I guess I feel like everyone else today – I can’t believe it’s been 10 years, and yet the pain and fear from that day is still so fresh, as though it all just happened. We’ve been through a lot over the years, you and I. I’ve usually been the one going through stuff, experiencing all the euphoria and depression and everything in between. I’ve loved you, left you, loved you again – you’ve always been in my heart, even if I’ve been a fickle lover.
In fact, on that day 10 years ago, we were having a bit of a renaissance together. I’d returned to you in April 2001, licking my wounds, and you helped bring me back to life. You were at once just as I remembered you, and completely changed. As always, what grabbed me first was the expectation of the unexpected – sharing a crowded, dirty, urine-smelling subway platform with someone playing the most exquisite violin, or having a stilted but smiling encounter trying to give directions to a tourist who only spoke French and thanked me with kisses on both cheeks. Getting yelled at by a stranger, having a volunteer hand me a pink carnation at the end of a race in Central Park, eating six of the most unbelievably delicious Chinese dumplings for $2. Endless, countless New York moments, big and small. You reminded me that life doesn’t just go on, it can grab you by the throat, smack some sense into you, force you to get dressed up and put on mascara, and make you go out and have a great time again, if you let it. Especially in New York.
By September I was back, really back – working again, enjoying my friends, dating a great new guy. Healing. And then on that breezy, sunny September day, those people, those evil, evil people, sent those planes into the World Trade Center before my eyes and tried to kick the stuffing out of you. They tried to make you doubt yourself and fear them, to take away that essential, take-no-prisoners New York-ness.
Everyone knows what followed – the missing-persons signs posted everywhere, the swabbing, the check points, the smell. Oh, that smell. I’ll never forget it. I’ll never forget any of it. I went down to the site a few days later, as it still smoldered, before everything was blocked off. A kindly cop told me which way to go to see everything without getting in the way. I saw him again half an hour later, on my way back – he opened up his arms and hugged me when he saw my stunned, tear-streaked face. Neither of us said anything, he just let me cry, then released me, patted me on the shoulder, smiled ruefully at me and went on his way.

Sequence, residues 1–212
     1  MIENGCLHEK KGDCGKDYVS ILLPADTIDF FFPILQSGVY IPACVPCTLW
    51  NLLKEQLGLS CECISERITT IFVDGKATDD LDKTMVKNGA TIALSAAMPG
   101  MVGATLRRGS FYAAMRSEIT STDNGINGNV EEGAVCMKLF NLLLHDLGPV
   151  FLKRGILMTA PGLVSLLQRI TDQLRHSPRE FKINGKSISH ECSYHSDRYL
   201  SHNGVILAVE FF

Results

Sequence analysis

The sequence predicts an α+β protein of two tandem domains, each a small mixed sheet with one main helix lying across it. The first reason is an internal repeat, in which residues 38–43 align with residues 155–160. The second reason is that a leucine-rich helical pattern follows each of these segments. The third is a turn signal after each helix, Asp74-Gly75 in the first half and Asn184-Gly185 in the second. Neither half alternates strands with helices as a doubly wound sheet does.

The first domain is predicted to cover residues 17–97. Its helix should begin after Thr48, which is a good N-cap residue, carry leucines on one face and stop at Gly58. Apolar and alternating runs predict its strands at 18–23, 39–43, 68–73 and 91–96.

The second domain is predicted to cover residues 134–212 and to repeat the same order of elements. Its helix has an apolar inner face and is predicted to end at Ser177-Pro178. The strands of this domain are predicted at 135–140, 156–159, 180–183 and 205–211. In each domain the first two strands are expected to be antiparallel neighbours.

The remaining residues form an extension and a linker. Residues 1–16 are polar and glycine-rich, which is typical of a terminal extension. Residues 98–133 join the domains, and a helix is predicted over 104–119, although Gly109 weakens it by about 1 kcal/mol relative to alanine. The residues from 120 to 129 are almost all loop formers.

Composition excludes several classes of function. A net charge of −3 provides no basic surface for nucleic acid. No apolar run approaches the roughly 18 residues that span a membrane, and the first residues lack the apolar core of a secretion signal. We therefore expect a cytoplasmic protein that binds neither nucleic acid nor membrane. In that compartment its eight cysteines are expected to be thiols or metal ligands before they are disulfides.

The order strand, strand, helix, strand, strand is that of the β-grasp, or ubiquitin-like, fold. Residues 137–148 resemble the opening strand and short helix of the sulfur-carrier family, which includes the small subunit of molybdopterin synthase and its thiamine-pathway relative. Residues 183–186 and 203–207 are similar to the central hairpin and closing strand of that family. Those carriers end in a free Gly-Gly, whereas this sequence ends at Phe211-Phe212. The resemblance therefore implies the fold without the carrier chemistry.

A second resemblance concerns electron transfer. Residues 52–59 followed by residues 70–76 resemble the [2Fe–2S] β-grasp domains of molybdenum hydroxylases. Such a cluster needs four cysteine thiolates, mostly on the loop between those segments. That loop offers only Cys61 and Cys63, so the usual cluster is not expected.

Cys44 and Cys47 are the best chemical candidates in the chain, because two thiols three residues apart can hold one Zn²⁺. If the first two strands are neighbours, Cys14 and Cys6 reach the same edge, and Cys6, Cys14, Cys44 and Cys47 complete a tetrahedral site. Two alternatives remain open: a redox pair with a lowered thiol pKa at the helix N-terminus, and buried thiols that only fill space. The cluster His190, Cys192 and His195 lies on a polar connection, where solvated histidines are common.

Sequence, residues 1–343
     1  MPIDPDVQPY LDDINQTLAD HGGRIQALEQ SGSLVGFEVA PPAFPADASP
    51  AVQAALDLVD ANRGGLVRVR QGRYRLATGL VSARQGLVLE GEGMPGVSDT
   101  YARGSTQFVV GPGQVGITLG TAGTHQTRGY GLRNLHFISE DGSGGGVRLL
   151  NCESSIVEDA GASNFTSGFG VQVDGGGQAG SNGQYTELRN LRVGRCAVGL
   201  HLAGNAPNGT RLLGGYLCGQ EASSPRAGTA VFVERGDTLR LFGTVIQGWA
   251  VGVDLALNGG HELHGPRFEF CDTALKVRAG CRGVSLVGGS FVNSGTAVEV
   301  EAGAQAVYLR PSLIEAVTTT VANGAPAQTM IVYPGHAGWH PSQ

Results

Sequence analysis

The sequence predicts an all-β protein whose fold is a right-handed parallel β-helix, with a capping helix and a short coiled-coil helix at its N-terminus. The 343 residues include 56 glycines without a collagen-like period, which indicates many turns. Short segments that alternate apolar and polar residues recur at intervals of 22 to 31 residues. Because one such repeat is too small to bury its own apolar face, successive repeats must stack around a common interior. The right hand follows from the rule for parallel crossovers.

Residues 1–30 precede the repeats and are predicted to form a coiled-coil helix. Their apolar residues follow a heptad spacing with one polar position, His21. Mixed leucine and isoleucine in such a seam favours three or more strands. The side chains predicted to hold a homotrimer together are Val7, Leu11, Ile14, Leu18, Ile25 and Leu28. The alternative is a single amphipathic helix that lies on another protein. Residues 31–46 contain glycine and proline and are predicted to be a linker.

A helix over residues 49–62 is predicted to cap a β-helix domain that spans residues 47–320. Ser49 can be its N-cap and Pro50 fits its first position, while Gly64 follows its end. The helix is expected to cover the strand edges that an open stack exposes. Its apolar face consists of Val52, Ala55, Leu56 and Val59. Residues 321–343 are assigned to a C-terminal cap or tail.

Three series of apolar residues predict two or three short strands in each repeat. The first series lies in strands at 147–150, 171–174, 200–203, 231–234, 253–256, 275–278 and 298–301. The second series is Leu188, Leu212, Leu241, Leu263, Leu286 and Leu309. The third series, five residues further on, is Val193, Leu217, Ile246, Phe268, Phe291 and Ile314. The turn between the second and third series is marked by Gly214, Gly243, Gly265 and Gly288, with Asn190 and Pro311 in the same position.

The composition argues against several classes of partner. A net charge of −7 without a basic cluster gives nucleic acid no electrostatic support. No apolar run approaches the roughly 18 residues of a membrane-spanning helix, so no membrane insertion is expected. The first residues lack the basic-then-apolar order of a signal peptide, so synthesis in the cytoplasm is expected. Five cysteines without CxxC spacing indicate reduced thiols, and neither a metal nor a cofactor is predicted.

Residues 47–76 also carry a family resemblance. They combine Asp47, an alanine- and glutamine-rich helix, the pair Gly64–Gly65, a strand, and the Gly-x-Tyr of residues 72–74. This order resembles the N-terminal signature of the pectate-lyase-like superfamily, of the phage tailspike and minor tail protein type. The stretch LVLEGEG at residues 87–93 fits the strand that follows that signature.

Leaving never entered my mind. You’re mine, dammit, and I’ll be damned if anyone is going to take you away from me. Of course I stayed. Eventually the smoke stopped billowing, everyone went back to work – even the smell dissipated. Life, amazingly, went on. And as for you -- you dusted yourself off and went right on going. Everyone knows the old saw, That which doesn’t kill you makes you stronger. You took that cliché and gave it a whole new meaning.
Now it’s 10 years later, my friend. In that time I brought the man of my dreams here from Los Angeles, and he fell in love with you instantly. We got married, and we had our baby right here. We’re raising her here, no suburbs for us. This is where we belong, in your embrace. You don’t always make it easy – but you never said you would. Like every good relationship, it takes some work, but the rewards make it so, so worth it. We wouldn’t have it any other way.